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I'm a newbie to threading, trying to learn it as I go. Please don't make any assumptions and try to explain threading concepts and rules that might seem obvious.

I have a Module (Static class) as follows:

Module Main

Private ReadOnly _dbConn As SqlClient.SqlConnection

Public ReadOnly Property DBConn() As SqlClient.SqlConnection
    Get
        Debug.Print("Accessing DBConn")
        Return _dbConn
    End Get
End Property

Sub New()
    _dbConn = New SqlClient.SqlConnection(My.Resources.ConnectionString)
End Sub

End Module

All throughout the application, when i access DBConn on the same thread, it works as expected. However, later on I created a background worker that tries to access DBConn and nothing happens, the thread just hangs (the Background worker). I don't get the printout and the application doesn't continue. The background worker thread doesn't continue past that point, and so the thread never exits. I don't get any exceptions, and I Can't debug in Visual Studio (visual studio hangs). I guess it's a 2 part question: why can't I access DBConn from the other thread, and why does it hang without giving me a threadAccess exception? also, why does visual studio hang (I'm assuming it hangs because the thread is hanging)?

Please Note: I am not asking about practice. I know I shouldn't be sharing the same connection, rather returning a new connection. In this particular application it is safe since (although i execute it on a background thread) as per the flow of the application, the connection can only be accessed one at a time. I just want to know why it hangs across the thread.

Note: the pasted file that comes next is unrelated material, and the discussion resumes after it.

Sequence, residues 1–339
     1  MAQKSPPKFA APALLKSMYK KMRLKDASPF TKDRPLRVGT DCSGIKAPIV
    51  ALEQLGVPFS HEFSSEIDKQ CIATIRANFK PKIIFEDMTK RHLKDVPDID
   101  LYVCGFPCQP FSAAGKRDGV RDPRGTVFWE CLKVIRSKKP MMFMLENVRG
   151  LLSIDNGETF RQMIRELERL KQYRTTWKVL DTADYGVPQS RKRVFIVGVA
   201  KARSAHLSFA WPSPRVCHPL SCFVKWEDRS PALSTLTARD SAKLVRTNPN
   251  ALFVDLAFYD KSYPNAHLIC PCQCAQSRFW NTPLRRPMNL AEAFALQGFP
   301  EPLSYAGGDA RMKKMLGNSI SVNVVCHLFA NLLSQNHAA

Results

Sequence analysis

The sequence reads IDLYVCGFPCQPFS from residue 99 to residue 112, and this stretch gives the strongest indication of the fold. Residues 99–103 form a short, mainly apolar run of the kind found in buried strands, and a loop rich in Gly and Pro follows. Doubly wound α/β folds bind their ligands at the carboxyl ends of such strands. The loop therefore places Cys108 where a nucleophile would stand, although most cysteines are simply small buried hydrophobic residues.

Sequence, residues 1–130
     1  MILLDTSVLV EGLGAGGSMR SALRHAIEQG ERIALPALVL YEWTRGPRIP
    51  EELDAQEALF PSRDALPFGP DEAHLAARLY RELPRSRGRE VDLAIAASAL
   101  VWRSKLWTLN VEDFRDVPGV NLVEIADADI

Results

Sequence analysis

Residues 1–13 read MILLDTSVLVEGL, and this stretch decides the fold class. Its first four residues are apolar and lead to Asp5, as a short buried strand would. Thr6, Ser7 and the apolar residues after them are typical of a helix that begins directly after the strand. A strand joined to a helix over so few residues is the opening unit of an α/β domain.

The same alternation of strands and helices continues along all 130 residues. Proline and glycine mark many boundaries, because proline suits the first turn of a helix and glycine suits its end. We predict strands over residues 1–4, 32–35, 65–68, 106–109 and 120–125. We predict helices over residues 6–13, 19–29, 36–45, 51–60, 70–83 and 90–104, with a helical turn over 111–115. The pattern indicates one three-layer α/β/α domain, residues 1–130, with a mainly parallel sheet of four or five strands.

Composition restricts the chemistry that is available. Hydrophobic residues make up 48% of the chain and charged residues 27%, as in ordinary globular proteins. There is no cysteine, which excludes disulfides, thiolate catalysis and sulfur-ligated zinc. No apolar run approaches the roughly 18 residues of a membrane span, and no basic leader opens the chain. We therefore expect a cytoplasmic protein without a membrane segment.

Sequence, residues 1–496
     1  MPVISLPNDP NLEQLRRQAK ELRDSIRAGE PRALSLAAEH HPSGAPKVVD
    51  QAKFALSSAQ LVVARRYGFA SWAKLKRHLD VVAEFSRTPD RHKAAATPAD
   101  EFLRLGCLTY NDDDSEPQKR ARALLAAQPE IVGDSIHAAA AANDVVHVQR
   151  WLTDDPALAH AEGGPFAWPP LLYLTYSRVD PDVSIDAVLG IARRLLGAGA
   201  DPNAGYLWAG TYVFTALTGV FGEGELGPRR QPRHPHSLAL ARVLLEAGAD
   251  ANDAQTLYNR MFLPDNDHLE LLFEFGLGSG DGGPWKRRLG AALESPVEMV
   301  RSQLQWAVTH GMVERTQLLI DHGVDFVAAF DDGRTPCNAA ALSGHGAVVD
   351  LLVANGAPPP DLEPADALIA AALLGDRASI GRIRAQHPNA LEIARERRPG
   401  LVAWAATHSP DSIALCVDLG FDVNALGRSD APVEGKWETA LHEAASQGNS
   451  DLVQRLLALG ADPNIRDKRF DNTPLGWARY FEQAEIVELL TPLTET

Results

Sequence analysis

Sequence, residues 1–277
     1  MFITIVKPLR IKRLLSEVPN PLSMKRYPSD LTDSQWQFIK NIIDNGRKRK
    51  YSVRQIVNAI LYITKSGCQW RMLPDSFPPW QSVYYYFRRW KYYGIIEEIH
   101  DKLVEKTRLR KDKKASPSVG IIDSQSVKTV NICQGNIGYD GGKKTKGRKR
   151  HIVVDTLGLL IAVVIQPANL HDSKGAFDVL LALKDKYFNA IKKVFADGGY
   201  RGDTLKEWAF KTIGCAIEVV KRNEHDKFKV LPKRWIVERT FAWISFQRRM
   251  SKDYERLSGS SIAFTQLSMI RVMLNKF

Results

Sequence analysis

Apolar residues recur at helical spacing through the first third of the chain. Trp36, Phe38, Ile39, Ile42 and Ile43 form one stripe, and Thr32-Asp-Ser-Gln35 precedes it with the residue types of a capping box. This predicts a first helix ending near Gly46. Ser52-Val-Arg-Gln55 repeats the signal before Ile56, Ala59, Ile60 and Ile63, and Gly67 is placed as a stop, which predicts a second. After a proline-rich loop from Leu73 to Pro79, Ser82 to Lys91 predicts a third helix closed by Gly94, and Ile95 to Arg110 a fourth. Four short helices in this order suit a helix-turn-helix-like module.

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1 Answer 1

This should be a class not a module. Then you can use a reference to pass the connection to the appropriate thread.

For example:

Private myConn as New NameofDataConnectionClass
Private myWorkerClass as New NameofProcessClass
myWorkerClass.DataConnection = myConn
Private thd as New Threading.Thread(AddressOf myWorkerClass.Method)
thd.Start()

Obviously, that is coded logically not specifically. The point is to instantiate your connection class and then pass it to the appropriate class that is being handled by the thread or background worker.

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A Module is an instaniated class. In VB, when writing a constructor in a module, it is a static constructor that gets intialized as soon as any referece is made to any member in the module. by the time I call the connection, it has already been instantiated by the static constructor. This is supported by the fact that the connection Member is accessed before it is being called by the other thread. I am not recieving a NullRefererenceException. Please explaing in detail what the problem is and what your solution is. –  Fragilerus Aug 4 '10 at 17:34
    
When you use cross thread, you need to pass the reference of the object because the instantiated module doesn't pass to the new thread. It remains in the current thread of your application. That is why you need to pass an object reference to the new thread of the class wrapping your data connection. –  Josaph Aug 4 '10 at 17:47
    
I dont think that is correct. Threads share the Heap memory space. Therefore the other thread should be able to access the same instance of the module. I tested this and it preformed as expected Private Sub Temp() Dim bg As New System.ComponentModel.BackgroundWorker AddHandler bg.DoWork, AddressOf Change bg.RunWorkerAsync() Threading.Thread.Sleep(TimeSpan.FromSeconds(3)) Console.WriteLine(Module1.Member) End Sub Public Sub (ByVal sender As Object, ByVal e As DoWorkEventArgs) Module1.Member = "Changed" End Sub –  Fragilerus Aug 4 '10 at 18:34

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